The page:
"Laminaria, said the label, written in Daniel Rawlings's flowing script. ... When I opened it, a faint whiff of iodine floated out, but no scent of decay....
Laminaria is seaweed. Dried, it's no more than paper-thin slips of brownish-green. Unlike many dried seaweeds, though, Laminaria doesn't crumble easily. And it has a most astonishing capacity to absorb water.
Inserted into the opening of the cervix, it absorbs water from the mucous membranes—and swells, slowly forcing the cervix further open as it does so, thus eventually causing labor to start. I'd seen Laminaria used, even in my own time, though in modern times it was most frequently employed to assist in expelling a dead child from the uterus. I shoved that thought well to the back of my mind, and selected a good piece." —Diana Gabaldon, A Breath of Snow and Ashes (New York: Bantam Dell, 2005), 309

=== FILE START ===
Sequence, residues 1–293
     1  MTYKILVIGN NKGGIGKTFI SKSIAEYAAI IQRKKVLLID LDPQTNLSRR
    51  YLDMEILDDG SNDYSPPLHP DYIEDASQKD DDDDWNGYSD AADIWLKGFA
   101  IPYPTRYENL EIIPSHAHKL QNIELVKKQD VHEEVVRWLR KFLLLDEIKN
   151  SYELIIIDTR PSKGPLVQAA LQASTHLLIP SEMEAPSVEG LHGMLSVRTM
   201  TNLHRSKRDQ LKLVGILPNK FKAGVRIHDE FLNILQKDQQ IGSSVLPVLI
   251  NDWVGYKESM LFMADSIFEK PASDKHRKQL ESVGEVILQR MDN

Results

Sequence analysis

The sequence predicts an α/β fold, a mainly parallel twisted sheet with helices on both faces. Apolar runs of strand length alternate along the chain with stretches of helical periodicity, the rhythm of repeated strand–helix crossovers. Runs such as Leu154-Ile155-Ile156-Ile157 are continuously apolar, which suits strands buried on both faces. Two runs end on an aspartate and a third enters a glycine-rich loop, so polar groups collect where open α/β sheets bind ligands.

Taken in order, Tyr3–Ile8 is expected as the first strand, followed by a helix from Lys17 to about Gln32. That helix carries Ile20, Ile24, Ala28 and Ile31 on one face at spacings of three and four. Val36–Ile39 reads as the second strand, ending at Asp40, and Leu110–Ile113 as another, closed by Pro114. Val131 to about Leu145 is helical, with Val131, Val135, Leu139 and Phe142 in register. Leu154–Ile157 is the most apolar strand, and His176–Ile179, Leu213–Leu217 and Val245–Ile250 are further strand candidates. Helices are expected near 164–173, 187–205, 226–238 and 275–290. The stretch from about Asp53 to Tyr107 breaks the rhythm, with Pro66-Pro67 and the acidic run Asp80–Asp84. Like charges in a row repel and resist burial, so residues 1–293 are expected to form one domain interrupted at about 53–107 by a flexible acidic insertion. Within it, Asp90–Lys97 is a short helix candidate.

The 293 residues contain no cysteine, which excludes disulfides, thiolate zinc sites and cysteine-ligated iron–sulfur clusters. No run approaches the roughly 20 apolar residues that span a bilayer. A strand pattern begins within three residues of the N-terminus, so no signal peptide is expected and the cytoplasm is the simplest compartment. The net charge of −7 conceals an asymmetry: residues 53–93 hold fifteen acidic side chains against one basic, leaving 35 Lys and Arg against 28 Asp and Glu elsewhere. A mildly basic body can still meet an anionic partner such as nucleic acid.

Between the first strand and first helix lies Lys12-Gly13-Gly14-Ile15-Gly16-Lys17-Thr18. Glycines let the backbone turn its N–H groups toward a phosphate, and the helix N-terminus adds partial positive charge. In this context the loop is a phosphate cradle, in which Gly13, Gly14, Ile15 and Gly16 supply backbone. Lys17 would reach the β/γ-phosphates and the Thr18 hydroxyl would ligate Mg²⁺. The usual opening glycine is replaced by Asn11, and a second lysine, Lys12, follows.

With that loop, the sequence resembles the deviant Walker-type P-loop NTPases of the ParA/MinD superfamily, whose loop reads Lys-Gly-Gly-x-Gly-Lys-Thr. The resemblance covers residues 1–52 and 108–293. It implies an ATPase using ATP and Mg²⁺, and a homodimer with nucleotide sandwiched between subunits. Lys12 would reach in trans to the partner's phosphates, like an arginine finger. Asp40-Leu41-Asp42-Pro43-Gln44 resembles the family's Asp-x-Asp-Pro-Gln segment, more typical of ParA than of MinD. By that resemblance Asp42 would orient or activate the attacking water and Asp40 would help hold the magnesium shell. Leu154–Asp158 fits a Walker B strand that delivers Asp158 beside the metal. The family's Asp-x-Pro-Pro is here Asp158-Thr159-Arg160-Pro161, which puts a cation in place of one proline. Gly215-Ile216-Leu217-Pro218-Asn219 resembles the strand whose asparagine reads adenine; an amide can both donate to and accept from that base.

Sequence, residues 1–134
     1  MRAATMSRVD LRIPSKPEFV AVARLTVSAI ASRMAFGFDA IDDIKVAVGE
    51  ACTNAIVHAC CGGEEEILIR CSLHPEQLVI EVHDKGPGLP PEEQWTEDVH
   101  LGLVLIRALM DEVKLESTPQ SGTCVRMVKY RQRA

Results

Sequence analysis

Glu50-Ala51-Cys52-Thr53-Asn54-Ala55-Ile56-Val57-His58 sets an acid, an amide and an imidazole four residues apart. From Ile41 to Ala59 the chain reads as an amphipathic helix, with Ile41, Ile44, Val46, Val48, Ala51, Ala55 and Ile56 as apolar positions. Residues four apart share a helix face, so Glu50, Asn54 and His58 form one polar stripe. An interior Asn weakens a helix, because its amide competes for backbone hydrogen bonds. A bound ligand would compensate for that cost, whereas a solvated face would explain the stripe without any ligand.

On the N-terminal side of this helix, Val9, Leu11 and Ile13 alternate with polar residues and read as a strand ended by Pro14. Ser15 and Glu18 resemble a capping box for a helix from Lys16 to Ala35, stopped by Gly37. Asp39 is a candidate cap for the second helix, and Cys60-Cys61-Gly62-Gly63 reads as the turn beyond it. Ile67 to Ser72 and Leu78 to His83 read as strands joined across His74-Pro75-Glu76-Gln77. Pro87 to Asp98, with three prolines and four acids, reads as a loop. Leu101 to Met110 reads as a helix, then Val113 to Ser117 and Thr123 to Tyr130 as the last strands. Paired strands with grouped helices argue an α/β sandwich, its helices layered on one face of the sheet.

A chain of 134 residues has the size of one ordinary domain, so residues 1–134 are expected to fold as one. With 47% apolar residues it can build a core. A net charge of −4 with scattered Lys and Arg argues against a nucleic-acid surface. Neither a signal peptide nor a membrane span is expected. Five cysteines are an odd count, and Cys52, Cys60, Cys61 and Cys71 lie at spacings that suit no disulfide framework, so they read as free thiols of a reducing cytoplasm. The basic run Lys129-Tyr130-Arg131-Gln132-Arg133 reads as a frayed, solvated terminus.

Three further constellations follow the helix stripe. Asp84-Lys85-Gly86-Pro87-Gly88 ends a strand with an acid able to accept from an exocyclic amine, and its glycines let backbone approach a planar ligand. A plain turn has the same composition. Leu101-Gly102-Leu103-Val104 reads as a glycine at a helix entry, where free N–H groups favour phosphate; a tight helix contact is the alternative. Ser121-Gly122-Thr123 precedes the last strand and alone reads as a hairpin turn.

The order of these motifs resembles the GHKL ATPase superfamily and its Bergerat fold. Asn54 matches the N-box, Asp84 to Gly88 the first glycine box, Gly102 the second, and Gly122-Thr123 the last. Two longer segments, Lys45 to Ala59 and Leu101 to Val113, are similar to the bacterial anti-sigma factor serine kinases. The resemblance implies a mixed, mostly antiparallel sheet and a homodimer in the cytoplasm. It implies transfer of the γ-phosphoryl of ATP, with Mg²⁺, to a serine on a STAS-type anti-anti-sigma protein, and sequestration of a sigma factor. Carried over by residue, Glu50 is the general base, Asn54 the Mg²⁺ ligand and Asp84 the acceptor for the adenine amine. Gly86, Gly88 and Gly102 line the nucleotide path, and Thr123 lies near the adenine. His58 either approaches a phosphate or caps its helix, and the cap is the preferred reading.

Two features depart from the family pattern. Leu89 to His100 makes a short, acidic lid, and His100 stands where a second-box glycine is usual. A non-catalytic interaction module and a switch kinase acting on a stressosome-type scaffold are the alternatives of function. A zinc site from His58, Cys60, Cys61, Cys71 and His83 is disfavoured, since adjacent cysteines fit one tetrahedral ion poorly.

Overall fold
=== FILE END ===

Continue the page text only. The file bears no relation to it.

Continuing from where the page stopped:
"The Laminaria had been accomplishing its slow, patient work, and Marsali was beginning to have occasional contractions, though we had not really got down to it, yet." —Diana Gabaldon, A Breath of Snow and Ashes, 311